People who are employed before and after suffering stroke are more likely than unemployed individuals to maintain cognitive function and avoid depression two years post-stroke, according to research presented Jan. 25 at the International Stroke Conference in Los Angeles.
Senior study author Einor Ben Assayag, PhD, and colleagues studied 252 working-age adults who experienced their first mild stroke or transient ischemic attack (TIA). Patients suffering more severe strokes weren’t included.
Brain health was assessed in the early stages after stroke, and then again one and two years later.
Assayag et al. found:
- People who were unemployed before stroke were 320 percent more likely to develop cognitive decline with two years of the stroke.
- They were also more likely to have worse neurological deficit, higher depression scores and more elevated inflammation. In addition, they showed reduced cortical thickness and white matter volume on imaging studies, and were more likely to have type 2 diabetes and high blood pressure.
- Returning to work after stroke was associated with a lower risk of cognitive decline.
“The message here is ‘keep on working,’” Ben Assayag, senior researcher in the neurology department at Tel-Aviv Sorasky Medical Center in Israel, said in a press release. “Rates of death and cognitive decline were higher among the unemployed people we studied. In fact, being unemployed was by itself a risk factor for cognitive decline and death.”
American Stroke Association spokesperson Brian Silver, MD, pointed out two key limitations to the study—it had a relatively small sample size and it was impossible to infer employment directly caused cognitive changes.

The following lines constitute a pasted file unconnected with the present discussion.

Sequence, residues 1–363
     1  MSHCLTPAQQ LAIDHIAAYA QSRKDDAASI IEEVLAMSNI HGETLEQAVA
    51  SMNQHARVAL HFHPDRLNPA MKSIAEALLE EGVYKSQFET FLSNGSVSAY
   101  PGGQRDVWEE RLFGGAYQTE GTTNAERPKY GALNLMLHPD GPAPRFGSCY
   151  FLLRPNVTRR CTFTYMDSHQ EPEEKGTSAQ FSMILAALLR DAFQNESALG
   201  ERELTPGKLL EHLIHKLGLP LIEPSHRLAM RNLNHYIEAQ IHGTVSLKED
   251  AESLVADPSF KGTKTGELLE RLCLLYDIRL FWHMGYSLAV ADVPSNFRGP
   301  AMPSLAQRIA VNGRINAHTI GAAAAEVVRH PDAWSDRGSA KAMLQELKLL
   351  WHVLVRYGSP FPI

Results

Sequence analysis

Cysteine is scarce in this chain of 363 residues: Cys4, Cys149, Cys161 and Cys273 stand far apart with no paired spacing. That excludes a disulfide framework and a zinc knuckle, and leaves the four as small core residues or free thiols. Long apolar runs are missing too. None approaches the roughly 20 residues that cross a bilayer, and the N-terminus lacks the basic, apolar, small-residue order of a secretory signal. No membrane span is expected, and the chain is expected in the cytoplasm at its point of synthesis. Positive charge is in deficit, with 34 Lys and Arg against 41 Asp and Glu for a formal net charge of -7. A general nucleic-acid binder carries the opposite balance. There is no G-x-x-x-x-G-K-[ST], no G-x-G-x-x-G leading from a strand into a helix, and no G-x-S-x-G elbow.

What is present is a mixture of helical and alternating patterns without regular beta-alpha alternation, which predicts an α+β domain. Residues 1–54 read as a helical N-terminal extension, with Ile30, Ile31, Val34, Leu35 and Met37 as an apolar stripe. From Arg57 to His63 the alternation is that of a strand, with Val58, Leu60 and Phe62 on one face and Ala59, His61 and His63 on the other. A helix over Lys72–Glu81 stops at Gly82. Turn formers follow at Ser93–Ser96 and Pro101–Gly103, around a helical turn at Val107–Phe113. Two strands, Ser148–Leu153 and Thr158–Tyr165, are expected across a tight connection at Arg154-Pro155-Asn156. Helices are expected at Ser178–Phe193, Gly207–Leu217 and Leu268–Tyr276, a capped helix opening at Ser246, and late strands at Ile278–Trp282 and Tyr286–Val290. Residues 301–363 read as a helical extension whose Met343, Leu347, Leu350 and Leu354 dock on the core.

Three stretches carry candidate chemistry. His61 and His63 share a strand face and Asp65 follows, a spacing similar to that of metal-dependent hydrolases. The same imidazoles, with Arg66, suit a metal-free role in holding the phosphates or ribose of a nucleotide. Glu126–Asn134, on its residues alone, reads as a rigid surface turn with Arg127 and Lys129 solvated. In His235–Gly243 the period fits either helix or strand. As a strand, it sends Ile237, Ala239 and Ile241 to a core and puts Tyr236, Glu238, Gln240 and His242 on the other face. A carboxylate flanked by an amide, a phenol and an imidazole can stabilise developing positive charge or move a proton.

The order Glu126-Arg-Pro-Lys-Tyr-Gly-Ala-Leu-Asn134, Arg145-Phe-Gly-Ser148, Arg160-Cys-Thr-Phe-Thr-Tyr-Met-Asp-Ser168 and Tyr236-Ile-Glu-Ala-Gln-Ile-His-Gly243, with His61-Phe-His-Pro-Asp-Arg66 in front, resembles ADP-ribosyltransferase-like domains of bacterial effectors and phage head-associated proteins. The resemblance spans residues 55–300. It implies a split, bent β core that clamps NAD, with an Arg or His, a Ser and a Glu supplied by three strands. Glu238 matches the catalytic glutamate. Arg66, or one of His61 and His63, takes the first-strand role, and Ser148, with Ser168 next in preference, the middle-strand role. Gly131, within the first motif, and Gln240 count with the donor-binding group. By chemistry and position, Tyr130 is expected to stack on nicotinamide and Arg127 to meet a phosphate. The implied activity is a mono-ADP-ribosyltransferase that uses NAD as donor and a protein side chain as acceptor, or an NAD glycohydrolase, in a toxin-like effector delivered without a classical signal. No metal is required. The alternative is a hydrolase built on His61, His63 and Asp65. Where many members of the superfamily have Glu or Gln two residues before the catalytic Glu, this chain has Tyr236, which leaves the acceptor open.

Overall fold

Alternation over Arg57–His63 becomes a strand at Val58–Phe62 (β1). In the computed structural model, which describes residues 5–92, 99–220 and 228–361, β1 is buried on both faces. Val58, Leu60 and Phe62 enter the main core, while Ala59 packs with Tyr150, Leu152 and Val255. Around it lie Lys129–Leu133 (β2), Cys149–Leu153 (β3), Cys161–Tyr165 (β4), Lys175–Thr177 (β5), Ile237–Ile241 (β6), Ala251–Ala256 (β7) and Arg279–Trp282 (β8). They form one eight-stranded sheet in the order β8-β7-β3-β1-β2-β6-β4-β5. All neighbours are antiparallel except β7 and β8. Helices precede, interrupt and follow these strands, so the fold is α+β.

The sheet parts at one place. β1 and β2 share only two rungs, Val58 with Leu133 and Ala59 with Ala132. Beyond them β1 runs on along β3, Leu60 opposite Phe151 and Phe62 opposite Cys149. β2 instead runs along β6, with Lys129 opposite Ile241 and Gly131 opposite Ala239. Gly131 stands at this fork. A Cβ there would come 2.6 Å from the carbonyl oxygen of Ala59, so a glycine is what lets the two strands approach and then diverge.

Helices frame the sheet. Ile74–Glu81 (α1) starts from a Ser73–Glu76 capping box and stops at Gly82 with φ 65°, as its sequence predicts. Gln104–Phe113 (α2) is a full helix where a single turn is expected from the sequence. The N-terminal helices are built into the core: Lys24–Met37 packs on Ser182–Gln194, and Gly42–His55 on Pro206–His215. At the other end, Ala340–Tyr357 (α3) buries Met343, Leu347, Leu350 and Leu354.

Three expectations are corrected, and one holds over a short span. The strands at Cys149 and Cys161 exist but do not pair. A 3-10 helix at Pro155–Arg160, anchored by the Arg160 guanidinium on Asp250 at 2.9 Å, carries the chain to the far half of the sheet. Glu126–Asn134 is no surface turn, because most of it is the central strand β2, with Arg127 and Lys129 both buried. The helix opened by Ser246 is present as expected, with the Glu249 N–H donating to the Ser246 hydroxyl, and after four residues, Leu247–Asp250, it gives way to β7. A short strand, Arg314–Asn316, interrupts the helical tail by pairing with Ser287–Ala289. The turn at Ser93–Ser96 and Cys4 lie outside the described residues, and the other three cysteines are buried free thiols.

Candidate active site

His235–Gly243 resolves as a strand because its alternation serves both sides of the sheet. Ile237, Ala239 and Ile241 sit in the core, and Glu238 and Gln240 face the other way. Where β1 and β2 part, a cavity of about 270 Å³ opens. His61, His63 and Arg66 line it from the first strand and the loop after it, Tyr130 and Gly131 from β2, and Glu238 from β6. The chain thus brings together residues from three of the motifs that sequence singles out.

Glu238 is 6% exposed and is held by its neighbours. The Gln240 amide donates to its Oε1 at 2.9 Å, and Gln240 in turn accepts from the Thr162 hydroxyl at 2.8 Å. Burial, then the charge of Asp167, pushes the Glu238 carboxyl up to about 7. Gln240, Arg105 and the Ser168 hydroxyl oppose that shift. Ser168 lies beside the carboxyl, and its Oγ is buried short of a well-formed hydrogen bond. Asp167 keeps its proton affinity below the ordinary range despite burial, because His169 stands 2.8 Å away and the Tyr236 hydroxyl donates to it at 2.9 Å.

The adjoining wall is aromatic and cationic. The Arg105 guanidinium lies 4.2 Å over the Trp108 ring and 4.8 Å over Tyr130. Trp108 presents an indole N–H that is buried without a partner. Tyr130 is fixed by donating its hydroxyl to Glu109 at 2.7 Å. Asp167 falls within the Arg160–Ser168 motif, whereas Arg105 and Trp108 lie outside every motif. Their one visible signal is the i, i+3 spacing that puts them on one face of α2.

“We don't know the reasons that people stopped working before the stroke,” said Silver, a professor of neurology at University of Massachusetts Medical School. “It could be for a variety of reasons, including the fact that they were already having cognitive problems, and that's what led them to stop working, or as another example, they may have had depression, which also led them to stop working. So, we don't know, really, whether or not stopping working for sure leads to the cognitive decline.”
However, Silver said the study indicates there is “some benefit” to remaining employed after a stroke and warrants a discussion about whether post-stroke counseling should focus on getting patients back to work. But people may find other ways to keep their minds sharp, he said.
“Let's say you stop working, but you start taking up avid travel, do a lot of walking, reading about the areas that you're visiting,” Silver said. “Might that be a reasonable surrogate for working? So ... I'm not sure we can say that you should just keep working to try to maintain your brain health. Maybe working itself is a surrogate for keeping physically active and keeping your mind active."